We all tend to pick a few favourite artefacts when visiting museums and collections of arts. This splendid wooden statue is one of my favourites in the Egyptian Museum of Cairo, going by the name of "Niankh-Pepi's servant" and having the catalogue number JE 30810.
Niankh-Pepi - "Overseer of Upper Egypt", "Chancellor of the King of Lower Egypt" and "Overseer of prophets" - was a governor during the reign of Pepi I in the 6th dynasty of the old kingdom. His tomb was discovered in Meir, near al-Qusiya, Asyut governorate. Meir functioned as an Old Kingdom-Middle Kingdom (6th-12th Dynasty) cemetery for the nomarchs of the fourteenth nome of Upper Egypt.
About 36 centimeters in height, the servant is carrying two ornate baskets decorated with geometrical patterns. The smaller basket is in his folded arm, while the other one is carried on his back by means of white straps. This bag has a leopard print band and two legs that the bag can be propped up on when put on the ground.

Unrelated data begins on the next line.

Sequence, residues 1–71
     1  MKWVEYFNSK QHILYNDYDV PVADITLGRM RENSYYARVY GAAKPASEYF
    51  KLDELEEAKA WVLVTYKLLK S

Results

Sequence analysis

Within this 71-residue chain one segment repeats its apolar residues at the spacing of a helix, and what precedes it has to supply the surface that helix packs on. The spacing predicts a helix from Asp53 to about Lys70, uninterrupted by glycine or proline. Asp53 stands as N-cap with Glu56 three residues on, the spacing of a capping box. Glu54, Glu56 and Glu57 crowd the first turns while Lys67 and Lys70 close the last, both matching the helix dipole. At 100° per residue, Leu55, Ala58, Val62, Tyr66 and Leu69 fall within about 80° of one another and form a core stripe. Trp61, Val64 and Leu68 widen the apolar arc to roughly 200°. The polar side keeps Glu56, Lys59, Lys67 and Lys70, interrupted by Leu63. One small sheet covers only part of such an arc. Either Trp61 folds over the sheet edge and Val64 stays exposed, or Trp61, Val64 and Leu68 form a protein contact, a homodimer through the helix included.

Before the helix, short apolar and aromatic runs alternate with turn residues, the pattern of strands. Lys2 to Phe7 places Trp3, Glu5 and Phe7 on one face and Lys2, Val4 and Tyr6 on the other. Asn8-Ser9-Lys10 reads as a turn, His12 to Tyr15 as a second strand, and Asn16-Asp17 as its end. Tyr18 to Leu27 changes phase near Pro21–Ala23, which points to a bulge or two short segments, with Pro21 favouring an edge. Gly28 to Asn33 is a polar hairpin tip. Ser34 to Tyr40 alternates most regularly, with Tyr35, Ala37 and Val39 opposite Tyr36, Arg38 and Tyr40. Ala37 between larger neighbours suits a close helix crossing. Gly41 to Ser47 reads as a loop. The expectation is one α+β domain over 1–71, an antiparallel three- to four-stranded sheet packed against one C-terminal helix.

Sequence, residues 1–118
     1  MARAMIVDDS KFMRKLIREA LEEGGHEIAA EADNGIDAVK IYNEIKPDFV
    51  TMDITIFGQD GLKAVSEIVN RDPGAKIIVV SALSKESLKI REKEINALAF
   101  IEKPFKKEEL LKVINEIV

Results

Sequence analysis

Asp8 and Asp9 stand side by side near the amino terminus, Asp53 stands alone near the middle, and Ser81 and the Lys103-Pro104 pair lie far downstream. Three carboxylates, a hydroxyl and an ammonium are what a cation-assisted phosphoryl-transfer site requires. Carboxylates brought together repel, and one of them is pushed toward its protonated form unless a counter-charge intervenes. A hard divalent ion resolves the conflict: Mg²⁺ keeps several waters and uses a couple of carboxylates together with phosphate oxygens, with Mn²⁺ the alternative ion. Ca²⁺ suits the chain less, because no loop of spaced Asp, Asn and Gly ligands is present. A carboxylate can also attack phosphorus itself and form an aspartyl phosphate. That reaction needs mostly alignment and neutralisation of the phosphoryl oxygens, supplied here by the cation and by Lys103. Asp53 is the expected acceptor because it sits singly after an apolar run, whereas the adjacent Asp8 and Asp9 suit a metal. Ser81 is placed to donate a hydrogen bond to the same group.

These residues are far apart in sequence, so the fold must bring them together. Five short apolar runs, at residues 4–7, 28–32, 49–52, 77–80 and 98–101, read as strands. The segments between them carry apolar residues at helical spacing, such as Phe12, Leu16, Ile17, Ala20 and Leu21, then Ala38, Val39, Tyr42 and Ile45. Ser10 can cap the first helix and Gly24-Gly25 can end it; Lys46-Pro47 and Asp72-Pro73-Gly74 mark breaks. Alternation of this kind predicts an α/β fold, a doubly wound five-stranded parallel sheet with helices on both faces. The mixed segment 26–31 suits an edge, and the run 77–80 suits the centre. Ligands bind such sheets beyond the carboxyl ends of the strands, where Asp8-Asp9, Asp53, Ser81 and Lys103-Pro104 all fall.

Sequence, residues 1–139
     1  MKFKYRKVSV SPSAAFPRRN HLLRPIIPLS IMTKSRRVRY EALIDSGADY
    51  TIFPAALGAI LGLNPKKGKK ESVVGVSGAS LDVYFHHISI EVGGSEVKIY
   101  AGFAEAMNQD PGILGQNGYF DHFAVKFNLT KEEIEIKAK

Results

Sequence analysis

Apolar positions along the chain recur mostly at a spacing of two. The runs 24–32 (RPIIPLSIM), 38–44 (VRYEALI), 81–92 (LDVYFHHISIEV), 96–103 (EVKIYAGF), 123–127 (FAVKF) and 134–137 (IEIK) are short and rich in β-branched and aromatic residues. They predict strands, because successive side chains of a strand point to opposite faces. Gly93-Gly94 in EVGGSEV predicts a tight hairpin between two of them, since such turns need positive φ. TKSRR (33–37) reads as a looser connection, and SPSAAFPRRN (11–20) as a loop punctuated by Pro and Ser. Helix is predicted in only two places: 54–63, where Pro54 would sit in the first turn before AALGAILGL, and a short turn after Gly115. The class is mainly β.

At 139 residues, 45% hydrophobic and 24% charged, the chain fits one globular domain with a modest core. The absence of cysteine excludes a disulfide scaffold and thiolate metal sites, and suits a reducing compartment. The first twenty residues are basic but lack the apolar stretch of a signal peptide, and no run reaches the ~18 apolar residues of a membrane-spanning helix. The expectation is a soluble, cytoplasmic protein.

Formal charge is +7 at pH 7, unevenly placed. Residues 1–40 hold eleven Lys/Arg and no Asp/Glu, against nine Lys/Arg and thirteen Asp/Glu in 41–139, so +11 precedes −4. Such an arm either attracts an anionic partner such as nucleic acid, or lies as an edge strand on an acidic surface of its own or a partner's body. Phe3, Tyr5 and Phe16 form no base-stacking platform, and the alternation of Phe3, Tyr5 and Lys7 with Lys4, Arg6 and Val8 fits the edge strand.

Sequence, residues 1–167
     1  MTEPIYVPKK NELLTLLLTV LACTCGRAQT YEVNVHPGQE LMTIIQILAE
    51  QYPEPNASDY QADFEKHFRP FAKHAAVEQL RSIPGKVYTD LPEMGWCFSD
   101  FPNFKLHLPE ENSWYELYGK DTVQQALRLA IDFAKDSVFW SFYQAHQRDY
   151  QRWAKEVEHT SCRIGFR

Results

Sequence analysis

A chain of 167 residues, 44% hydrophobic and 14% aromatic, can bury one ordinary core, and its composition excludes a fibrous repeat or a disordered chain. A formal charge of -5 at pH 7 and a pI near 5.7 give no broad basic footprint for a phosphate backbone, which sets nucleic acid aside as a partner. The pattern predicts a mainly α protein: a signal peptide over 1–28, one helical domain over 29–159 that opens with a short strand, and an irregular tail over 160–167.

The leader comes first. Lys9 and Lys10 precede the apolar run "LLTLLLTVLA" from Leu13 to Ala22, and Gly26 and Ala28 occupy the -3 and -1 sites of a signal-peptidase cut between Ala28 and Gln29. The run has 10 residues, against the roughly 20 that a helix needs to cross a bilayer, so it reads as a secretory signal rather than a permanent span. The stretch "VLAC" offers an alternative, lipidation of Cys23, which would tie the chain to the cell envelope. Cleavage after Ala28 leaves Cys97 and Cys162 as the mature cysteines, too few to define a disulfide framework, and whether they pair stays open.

Wooden tomb models are often found in Egyptian tombs from the Old Kingdom/Middle Kingdom Period. These wooden models reflected a variety of tasks and chores which servants would be expected to carry out in the afterlife, and accordingly, many are depicted as performing a certain task.
Niankh-Pepi's tomb had two rooms: a large pillared room with frescoes that were almost entirely destroyed by bats, and a smaller, undecorated room.